The legalization of Cannabis in Canada as well as multiple states across the United States is a huge step forward, especially for medical users. It’s no longer difficult to get access it, but there’s something that not enough people are considered, and that’s what’s in it. How is it grown? What pesticides are used? What type of testing process does it go through? When it comes to the testing of marijuana, it’s like the cosmetics industry. There isn’t much oversight.  Even though marijuana testing labs have cropped up to keep tabs on retail marijuana, with each state trying out different regulatory processes, many of these testing labs have been found to lack oversight themselves.

There have been multiple scientific studies published outlining the presence of pesticides, industrial solvents, growth regulators, heavy metals, bacteria  hazardous materials discovered commercially available cannabis products. This shouldn’t really come as a surprise.

Not long ago, a gentleman by the name of Jeffrey Raber, PhD, CEO of The Werc Shop in California state gathered a team and actually tested 57 different cannabis concentrate samples. The results were disturbing to say the least. The study by Werc,  found that more than 80 percent of the cannabis samples were contaminated, with several strains containing unsafe levels of solvent and pesticide residues. Residual amounts of isopentane, a solvent used to concentrate cannabis, were detected in 30 percent of the solvent-based “dabs,” while others contained traces of butane, heptane, hexane, isobutene, isopropyl alcohol, neopentane, pentane or propane.

This makes it clear that a lot of cannabis out there isn’t really cannabis as nature intended it to be and could actually be quite harmful. We also recently published an article pertaining to genetically modified cannabis, you can read that HERE.

When it comes to cannabis in Canada, cultivation licences have been issued by Health Canada under the Cannabis Act, with several producers holding licences for several sites. Of these, a search of the term “organic” on the Licensed Producers Canada website shows that just 11 LPs say they their cannabis is grown  organically, and only a handful have been certified by an independent accredited body.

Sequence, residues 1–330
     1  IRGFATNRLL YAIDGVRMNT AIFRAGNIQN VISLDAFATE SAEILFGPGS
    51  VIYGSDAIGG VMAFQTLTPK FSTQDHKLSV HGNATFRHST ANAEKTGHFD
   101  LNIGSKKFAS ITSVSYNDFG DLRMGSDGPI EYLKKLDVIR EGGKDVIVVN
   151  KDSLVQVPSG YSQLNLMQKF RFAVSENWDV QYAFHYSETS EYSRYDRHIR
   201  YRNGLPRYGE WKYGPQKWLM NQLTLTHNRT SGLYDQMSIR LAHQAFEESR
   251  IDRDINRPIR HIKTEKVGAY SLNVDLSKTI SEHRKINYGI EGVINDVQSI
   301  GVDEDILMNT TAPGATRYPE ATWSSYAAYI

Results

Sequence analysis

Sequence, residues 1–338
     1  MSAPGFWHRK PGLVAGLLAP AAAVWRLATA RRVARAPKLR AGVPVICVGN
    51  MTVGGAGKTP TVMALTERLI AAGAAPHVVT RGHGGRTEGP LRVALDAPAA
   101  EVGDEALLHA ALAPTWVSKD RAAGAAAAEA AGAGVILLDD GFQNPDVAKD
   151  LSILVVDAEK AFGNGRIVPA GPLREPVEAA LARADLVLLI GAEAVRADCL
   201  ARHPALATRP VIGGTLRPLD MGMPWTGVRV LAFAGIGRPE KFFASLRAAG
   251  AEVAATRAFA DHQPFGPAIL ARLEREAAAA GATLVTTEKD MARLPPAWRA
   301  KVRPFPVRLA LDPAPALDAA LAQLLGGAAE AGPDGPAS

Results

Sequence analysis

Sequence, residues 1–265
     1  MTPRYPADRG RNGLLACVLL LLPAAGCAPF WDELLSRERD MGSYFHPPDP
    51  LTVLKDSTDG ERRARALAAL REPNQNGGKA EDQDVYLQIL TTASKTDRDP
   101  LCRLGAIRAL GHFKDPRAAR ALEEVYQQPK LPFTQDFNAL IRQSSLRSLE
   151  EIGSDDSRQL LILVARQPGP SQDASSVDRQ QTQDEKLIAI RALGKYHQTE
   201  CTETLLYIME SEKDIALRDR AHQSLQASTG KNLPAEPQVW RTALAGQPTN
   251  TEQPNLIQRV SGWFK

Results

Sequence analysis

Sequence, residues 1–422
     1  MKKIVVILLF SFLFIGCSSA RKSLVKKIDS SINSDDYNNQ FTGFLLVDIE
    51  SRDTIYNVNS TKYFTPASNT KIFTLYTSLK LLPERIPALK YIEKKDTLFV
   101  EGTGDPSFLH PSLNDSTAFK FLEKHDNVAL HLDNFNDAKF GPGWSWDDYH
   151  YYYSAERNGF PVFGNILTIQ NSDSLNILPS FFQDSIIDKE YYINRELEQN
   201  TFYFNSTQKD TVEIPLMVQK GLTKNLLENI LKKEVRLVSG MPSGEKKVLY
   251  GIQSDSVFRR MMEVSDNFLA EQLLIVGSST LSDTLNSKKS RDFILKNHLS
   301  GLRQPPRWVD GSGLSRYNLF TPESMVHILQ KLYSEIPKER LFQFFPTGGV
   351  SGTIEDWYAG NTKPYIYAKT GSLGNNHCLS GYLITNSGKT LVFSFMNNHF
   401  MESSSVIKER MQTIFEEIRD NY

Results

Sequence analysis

That being said, can we even trust “independent accredited bodies?” Marijuana testing labs have actually been caught approving contaminated weed for profit. We also recently published an article about that, and you can read that one HERE.

Know What’s In Your Pot, Grow You Own. Here’s How

At the end of the day, this article, like many others found on our blog, really show the importance of growing your own cannabis.

You will need a Doctor to give you a prescription using the proper Health Canada form found here. Once signed, you will have to mail this document along with the ACMPR form found here which require you to specify where you plan to grow and you will also need the property owners consent if it is not your primary residence. We recommend always getting the property owners consent even if you don’t need it for this licence. You could technically get a licence to grow without their consent but they could always evict you and its just bad karma, just tell them.

Once you mail out the prescription along with the ACMPR document you are not legally allowed to begin growing. While it is very common for people to start growing because they believe that the Doctor is basically the gatekeeper to the program while Health Canada is more administrative, you are not yet legal and could get in trouble with the law.

This is where we come in, we assist you through the process and we provide you with a doctor that’s willing to write the prescription that you need so you can grow as much as you require. If you’d like assistance to make sure you go through the process legally and the right way, please contact us about acquiring a licence and we’ll help you through the process every step of the way.